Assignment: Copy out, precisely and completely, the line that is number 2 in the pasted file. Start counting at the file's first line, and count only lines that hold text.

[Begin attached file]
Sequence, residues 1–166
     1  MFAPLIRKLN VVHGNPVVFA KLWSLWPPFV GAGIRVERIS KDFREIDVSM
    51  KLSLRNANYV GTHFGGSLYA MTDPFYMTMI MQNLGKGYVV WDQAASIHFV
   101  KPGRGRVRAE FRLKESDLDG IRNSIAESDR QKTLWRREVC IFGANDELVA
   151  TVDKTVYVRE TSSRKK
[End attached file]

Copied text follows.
     1  MFAPLIRKLN VVHGNPVVFA KLWSLWPPFV GAGIRVERIS KDFREIDVSM